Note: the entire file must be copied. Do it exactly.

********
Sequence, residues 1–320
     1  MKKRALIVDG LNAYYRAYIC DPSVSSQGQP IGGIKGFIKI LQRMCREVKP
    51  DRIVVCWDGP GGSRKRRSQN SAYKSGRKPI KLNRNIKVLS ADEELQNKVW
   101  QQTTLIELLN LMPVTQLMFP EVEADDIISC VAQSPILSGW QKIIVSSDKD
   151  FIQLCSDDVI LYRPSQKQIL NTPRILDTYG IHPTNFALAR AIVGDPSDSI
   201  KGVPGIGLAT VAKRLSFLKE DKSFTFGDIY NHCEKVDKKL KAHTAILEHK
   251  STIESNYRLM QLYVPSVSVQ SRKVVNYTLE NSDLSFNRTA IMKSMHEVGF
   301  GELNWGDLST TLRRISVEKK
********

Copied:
Sequence, residues 1–320
     1  MKKRALIVDG LNAYYRAYIC DPSVSSQGQP IGGIKGFIKI LQRMCREVKP
    51  DRIVVCWDGP GGSRKRRSQN SAYKSGRKPI KLNRNIKVLS ADEELQNKVW
   101  QQTTLIELLN LMPVTQLMFP EVEADDIISC VAQSPILSGW QKIIVSSDKD
   151  FIQLCSDDVI LYRPSQKQIL NTPRILDTYG IHPTNFALAR AIVGDPSDSI
   201  KGVPGIGLAT VAKRLSFLKE DKSFTFGDIY NHCEKVDKKL KAHTAILEHK
   251  STIESNYRLM QLYVPSVSVQ SRKVVNYTLE NSDLSFNRTA IMKSMHEVGF
   301  GELNWGDLST TLRRISVEKK